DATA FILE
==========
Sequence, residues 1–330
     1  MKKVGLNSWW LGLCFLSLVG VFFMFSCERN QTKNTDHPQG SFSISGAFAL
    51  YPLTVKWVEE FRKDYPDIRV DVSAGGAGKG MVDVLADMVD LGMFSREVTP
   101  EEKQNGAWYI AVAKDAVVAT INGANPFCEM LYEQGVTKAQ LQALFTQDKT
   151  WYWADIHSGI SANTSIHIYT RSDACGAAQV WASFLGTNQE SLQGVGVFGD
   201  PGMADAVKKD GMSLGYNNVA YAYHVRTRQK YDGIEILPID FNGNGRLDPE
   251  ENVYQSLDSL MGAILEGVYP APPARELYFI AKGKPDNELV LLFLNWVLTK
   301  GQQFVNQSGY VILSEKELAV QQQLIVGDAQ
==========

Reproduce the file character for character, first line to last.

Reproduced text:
Sequence, residues 1–330
     1  MKKVGLNSWW LGLCFLSLVG VFFMFSCERN QTKNTDHPQG SFSISGAFAL
    51  YPLTVKWVEE FRKDYPDIRV DVSAGGAGKG MVDVLADMVD LGMFSREVTP
   101  EEKQNGAWYI AVAKDAVVAT INGANPFCEM LYEQGVTKAQ LQALFTQDKT
   151  WYWADIHSGI SANTSIHIYT RSDACGAAQV WASFLGTNQE SLQGVGVFGD
   201  PGMADAVKKD GMSLGYNNVA YAYHVRTRQK YDGIEILPID FNGNGRLDPE
   251  ENVYQSLDSL MGAILEGVYP APPARELYFI AKGKPDNELV LLFLNWVLTK
   301  GQQFVNQSGY VILSEKELAV QQQLIVGDAQ